With the comment period on the Securities and Exchange Commission’s (SEC) proposed rules regarding target date funds having officially closed Monday, August 23, it won’t take the securities regulator long to sift through the paltry 44 recommendations it received from industry officials and lawmakers.
The low number of responses is interesting given the fact that target date funds’ prominence in retirement portfolios continues to grow. Today, according to the SEC, assets of target date funds registered with the SEC total approximately $270 billion.
The SEC proposed its rules, which seek to provide investors with enhanced information about target date funds, on June 16. When the rules were proposed, SEC Chairman Mary Schapiro said that they “would help to clarify the meaning of the date in a target-date fund and improve the information provided when these funds are advertised and marketed.” Schapiro also said that the proposed rules “would enable investors to better assess the anticipated investment glide path and risk profile of a target-date fund by, for example, requiring graphic depictions of asset allocations in fund advertisements.” The rules also “would require an asset allocation ‘tag line’ adjacent to a target-date fund’s name in an advertisement,” she said.
Kevin Keller, CEO of the CFP Board of Standards, told the Commission in his comment letter that while the CFP Board “generally supports” the adoption of the SEC’s target date fund proposals, the SEC needs to “require certain additional disclosures in order to increase investors’ understanding of their portfolio composition and associated risks.” The SEC, Keller wrote, should require “disclosures aimed at enhanced understanding of a target date fund’s glide path and asset allocation at the target date and landing point. Further, the SEC should require additional information about specific asset sub-classes in which a target date fund invests.”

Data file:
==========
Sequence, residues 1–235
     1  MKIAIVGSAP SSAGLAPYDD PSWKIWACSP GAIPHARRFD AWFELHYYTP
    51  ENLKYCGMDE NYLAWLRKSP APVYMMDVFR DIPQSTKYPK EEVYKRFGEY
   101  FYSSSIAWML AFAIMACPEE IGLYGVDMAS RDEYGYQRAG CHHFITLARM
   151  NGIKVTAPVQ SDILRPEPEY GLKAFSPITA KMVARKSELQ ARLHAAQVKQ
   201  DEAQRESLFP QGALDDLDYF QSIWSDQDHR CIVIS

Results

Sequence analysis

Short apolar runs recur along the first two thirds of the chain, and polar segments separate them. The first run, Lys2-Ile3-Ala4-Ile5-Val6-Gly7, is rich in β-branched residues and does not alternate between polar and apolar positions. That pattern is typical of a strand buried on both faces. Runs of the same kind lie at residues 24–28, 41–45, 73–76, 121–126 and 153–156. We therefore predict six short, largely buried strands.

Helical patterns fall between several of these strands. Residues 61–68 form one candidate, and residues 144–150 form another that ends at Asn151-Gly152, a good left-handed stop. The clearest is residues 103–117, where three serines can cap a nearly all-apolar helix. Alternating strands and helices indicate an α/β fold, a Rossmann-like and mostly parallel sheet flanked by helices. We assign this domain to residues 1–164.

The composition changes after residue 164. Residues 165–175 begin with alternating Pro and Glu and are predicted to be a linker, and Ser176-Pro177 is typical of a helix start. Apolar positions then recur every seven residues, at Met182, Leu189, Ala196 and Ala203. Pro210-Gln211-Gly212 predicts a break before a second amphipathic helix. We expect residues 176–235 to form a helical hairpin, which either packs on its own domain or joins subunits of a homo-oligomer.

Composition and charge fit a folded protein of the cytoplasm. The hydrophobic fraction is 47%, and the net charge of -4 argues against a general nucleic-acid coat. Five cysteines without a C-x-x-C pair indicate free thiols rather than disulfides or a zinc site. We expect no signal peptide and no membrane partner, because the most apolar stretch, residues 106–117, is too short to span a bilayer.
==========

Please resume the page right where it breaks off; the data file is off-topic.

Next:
Finally, he said, “the SEC should require clear and prominent disclosures that will alert investors when a target date fund’s equity allocation differs materially at the target date, landing point, and during the five-year periods immediately preceding those dates, from the average allocations of peer funds with the same target date.”
Members of the Senate’s Committee on Help, Education, Labor and Pensions (HELP), Senators Michael Enzi (D-Wyoming) and Tom Harkin (D-Iowa), along with Senator Herb Kohl (D-Wisconsin), chairman of the Senate Special Committee on Aging, sent a joint letter to the SEC.
The Senators expressed their “deep” concern about the “limited scope” of the proposed rule in that the disclosures required would only affect mutual funds. “Not all target date
funds are mutual funds,” the Senators told the SEC. “A growing number of defined contribution plan fiduciaries are electing to use ‘custom’ target date funds (i.e., target date funds constructed from investments otherwise available through the plan) or funds that may be exempt from the Investment Company Act of 1940, such as bank maintained collective investment trusts or insurance company separate accounts,” the Senators wrote in their comment letter.